President Obama’s use of drones to target alleged terrorists on a government “kill list” has attracted some new scrutiny after a major New York Times report, though politicians in both parties have spoken out more against the leaks in the article than the program itself. While some Democratic leaders and progressive groups have been fairly muted on the issue, one Washington group, Just Foreign Policy, has stepped into the vacuum to organize against the drone program.
Robert Naiman, the group’s policy director and president of the board of Truthout, says that Just Foreign Policy is the only organization that has mobilized its members on behalf of drone critics in Congress, including a recent letter from Congressmen Conyers and Kucinich questioning the program. In this new interview, he talks about the challenges of organizing around human rights in the Obama era, and the tangible actions that activists can take to build support within and beyond Congress.
First, what is wrong with the drone program?
People are being killed outside of any traditional battlefield with no oversight, no accountability, no official counting and little public debate or Congressional oversight. The targets include civilians and people who have no dispute with the United States.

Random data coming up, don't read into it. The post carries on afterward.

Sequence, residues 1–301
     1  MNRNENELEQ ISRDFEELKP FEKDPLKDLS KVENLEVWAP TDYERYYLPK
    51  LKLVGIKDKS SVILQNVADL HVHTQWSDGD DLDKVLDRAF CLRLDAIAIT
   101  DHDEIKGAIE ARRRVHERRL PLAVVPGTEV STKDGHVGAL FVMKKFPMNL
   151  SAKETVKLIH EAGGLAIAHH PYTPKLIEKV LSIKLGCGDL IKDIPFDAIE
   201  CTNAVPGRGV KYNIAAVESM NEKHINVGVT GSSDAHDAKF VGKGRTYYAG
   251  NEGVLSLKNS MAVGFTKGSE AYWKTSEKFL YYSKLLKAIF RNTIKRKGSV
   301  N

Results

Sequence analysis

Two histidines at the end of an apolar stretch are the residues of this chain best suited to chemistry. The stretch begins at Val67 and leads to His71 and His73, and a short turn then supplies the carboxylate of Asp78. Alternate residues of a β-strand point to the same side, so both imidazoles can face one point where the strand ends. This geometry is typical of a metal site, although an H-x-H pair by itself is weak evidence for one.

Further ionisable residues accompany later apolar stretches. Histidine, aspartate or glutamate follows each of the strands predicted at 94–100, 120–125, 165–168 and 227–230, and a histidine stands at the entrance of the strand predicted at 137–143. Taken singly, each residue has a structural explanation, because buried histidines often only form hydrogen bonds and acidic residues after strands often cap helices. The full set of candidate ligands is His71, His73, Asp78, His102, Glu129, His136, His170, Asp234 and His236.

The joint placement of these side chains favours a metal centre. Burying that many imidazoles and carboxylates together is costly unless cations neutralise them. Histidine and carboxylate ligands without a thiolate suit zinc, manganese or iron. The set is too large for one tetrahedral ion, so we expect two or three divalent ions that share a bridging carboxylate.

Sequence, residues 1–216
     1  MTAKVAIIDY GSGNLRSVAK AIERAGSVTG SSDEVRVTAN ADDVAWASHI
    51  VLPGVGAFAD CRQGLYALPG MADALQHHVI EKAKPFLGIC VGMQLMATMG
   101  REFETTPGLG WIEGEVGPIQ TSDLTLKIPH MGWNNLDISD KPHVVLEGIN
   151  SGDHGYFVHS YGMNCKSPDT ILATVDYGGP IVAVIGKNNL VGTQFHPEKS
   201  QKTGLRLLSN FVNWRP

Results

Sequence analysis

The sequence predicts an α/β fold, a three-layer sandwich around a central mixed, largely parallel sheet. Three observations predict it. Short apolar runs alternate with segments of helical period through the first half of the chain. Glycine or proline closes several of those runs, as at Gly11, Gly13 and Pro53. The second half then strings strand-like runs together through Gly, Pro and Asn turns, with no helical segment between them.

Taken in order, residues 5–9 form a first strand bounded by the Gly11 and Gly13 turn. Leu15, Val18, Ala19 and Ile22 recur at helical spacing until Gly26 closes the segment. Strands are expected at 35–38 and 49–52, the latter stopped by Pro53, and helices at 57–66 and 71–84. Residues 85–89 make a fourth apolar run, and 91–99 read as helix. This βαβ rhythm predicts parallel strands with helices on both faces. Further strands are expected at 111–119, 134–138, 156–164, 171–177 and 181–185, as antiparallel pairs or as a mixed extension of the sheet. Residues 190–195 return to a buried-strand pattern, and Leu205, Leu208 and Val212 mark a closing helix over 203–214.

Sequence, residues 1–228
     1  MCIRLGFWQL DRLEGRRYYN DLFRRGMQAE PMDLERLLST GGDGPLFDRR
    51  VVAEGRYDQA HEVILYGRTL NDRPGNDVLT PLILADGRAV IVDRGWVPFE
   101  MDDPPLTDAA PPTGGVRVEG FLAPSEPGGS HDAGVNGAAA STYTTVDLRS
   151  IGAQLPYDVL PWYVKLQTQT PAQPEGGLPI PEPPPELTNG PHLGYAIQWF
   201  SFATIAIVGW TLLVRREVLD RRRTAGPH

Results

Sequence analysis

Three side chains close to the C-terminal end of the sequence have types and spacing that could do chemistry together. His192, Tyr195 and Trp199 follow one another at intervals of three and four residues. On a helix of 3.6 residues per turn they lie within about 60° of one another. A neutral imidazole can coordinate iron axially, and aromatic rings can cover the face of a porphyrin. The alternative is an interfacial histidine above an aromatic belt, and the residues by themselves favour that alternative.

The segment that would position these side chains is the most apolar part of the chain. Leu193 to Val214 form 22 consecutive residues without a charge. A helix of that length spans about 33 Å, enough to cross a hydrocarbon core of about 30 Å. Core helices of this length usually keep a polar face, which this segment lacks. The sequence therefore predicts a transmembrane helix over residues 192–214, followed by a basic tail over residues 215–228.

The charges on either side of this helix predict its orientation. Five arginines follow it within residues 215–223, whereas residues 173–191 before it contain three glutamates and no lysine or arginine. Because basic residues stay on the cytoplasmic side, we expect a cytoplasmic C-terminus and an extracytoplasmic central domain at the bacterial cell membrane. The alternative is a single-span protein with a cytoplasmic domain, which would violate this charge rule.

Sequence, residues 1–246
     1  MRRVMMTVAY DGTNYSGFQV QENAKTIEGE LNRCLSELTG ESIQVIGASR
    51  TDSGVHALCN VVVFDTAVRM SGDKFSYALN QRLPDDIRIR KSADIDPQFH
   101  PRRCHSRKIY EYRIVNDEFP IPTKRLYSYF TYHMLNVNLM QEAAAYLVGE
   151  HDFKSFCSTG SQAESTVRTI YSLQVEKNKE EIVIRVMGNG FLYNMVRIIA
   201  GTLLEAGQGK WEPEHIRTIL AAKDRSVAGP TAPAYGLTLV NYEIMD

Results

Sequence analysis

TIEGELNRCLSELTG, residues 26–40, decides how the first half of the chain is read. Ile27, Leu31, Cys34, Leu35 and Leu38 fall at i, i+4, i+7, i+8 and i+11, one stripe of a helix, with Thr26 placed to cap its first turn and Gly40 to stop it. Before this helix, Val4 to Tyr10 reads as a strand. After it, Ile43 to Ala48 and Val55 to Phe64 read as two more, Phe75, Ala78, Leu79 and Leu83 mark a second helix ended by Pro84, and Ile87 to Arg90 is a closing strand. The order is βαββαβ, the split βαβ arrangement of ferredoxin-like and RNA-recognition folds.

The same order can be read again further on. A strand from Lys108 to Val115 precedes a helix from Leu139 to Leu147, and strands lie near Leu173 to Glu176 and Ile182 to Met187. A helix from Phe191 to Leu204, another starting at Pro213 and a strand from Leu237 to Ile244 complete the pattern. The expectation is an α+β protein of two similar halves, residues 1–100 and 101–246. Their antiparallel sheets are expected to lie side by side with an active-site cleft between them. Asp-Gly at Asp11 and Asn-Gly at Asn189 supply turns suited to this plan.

Do you think that there is less outrage among Democrats and liberals about Obama’s expansive use of executive power than similar policies under Bush?
I think that this dynamic certainly exists and is obvious, but I also think it is often significantly overstated. It tends to compare an underestimation of what is happening now to an over-glamorization of what things were like during the Bush administration. There was not a constant sea of outrage over the depredations of the Bush administration—but rather spikes of outrage over things at particular times.
We could come up with a long list of Bush depredations that did not provoke a sea of outrage. Was there a sea of outrage over anything that happened in Afghanistan before January 20, 2009? Was there a sea of outrage over the Bush administration’s support for the 2006 Israeli invasion of Lebanon? Lack of outrage over the depredations of US foreign policy is the norm, not the exception.
I would also like “sea of outrage” to be the norm. But it isn’t. There are a lot of people who care a lot about these issues, but we need more people to care more, and we also need constructive things for them to do. If the situation looks futile, people move on to other things; that’s happened under Obama, but it also happened under Bush.